“Just be yourself”. This commonplace answer to many an existential query implies an absolute knowledge of the self, as if it was an unchanging object we’ve extensively and definitively investigated at some past point in time. And yet we change, not like other objects in the world which show their wear and tear, destined to become ruins: we are always becoming, and in that becoming the seed of difference is in perpetual growth. Difference to oneself, difference to others, the constancy of inauthenticity a perceived obstacle to be overcome, leading to the thought that there is some true core around which every action and thought has an orbit. Rudi Arapahoe’s A False Memory of a Sports Party begins with the premise that said core is composed also from untrue elements, citing psychologist Elizabeth Loftus’ work on memory distortion as a source for inspiration. Loftus has argued that memories are not a direct access to the truth, but that are actually unreliable and ever-changing, meaning that, in a sense, not only is a memory a fickle and untrustworthy thing, but also a reflection of the instability of our own selves.
Arapahoe collaborates here with an algorithmic version of himself, an AI of his own creation that he’s named FALSE SELF. This SELF was designed to compose and play alongside his true self, and while we’re going to elude the question of just how much of the artificial musician is actually just Arapahoe himself, the thing is that there are two versions of the artist at play, interacting with each other. Arapahoe processed the whole thing after mixing this particular encounter, distorting, like the liner notes say, the joint effort into a single production. For us listeners, there’s no way to know who’s playing what, or what the original ‘conversation’ sounded like, so this collection of synths and samples taken from 1980s and 1990s tech (themselves a filter of the emulation of acoustic instruments – a remembrance from another time), with its ambient structure and sparse reverbed sounds, is like a path through sounds you’ve heard before but can’t exactly place. There are a few flute-like and string-like sounds, for example, that I’m not sure are meant to emulate which kind of instrument, but that if I had been conscious at the time I might have been able to say with precision which instrument is which. Instead, what I hear are synth strings of an uncertain nature, drums that sound like plucked strings, piano strikes that sound like drums; this swirling indeterminacy is a feature of the instability of the self, the impossibility for any memory to be something other than a neuronal haze.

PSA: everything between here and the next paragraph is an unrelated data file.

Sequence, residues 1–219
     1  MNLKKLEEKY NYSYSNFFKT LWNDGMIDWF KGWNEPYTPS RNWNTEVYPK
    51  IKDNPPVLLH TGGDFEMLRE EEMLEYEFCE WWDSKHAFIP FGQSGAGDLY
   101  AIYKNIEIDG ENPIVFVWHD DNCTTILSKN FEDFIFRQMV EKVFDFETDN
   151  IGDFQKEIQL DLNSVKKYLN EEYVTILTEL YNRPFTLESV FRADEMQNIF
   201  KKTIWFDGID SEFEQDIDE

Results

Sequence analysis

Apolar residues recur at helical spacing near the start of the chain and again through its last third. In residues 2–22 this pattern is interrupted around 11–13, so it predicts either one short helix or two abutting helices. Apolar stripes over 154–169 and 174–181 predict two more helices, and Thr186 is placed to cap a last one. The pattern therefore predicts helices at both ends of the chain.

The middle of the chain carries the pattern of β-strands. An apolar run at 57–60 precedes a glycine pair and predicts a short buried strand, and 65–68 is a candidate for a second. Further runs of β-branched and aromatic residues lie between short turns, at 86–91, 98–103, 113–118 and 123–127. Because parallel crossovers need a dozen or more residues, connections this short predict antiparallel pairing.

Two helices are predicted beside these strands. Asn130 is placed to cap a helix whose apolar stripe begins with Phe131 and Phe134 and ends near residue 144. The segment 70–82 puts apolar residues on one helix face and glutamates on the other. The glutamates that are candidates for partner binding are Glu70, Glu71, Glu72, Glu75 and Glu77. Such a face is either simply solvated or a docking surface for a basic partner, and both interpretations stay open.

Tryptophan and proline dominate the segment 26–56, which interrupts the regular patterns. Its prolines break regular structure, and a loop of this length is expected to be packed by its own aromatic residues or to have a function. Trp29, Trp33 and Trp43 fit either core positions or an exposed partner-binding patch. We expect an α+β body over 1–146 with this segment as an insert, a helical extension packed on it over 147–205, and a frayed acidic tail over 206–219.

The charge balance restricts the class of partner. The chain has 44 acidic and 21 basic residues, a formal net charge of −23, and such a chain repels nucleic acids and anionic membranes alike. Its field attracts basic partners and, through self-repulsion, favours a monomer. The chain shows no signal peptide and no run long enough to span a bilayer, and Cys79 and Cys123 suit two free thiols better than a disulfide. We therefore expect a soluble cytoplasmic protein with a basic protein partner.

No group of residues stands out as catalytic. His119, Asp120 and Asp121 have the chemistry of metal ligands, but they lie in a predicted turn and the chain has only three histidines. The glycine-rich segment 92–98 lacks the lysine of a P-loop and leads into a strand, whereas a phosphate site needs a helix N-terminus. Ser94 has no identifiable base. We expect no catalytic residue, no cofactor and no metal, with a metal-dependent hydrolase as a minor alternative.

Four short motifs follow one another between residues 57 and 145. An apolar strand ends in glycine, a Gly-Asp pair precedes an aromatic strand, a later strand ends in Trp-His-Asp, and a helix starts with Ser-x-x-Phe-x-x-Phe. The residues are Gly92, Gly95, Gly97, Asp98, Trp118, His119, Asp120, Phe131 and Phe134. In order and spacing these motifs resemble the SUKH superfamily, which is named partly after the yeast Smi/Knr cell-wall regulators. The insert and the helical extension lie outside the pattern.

A few voices are integrated into the ambient flow of A False Memory of a Sports Party, all of which speak of past experiences that to any listener will seem eerie at best and suspect at worst, like the voice of a woman who recollects once sinking into the floor. Their commentary highlights the fragility of these sounds’ unity, its authenticity continually at stake. One of Loftus’ experiments pointed at the possibility that memories could be implanted – that is, that a remembrance could be artificially introduced into someone’s mind, the slightly Rorschach-like images of the album art an answer to the idea of the unconscious as truth: it, too, is as made as our consciousness. As the soft instrumentation ebbs and flows in different directions at once, the call and response of two different selves, one ‘natural’ and another ‘artificial’, an inversion of the idea of ambient music as richly rewarding layers of attention occurs, in the sense that you’re not going deeper into the music, but simply selecting a different surface. It’s not an act of attentive accumulation, but one of selectivity. Like the cassette in which the album is presented, which turns out is a USB drive, its artificiality, its ambiguity as both cassette and USB, as well as the music’s soft flow along the strange voices that accompany it reflect an utter fragmentation of whatever it is that we consider ‘true’. I wouldn’t be incorrect if I described this artifact as a cassette, nor would I be entirely correct if I just said it was a USB, after all. Rudi Arapahoe played this music, but also an algorithmic version of himself. Is that two different people, two aspects of one, or only one?
In the end, Arapahoe has created an intriguing, multifaceted work that cannot be contained solely in sound, but that is pretty much a multimedia installation you can play at your own home. It’s got myriad angles from which to look at, its suggestions of memory distortions and implants an exciting, complex exercise of thought and imagination. The music is quite interesting by itself, especially when paired with the traditional notions of ambient, but its experimental development alongside more material means drive the entire work forward in very rich, thoughtful manners. (David Murrieta)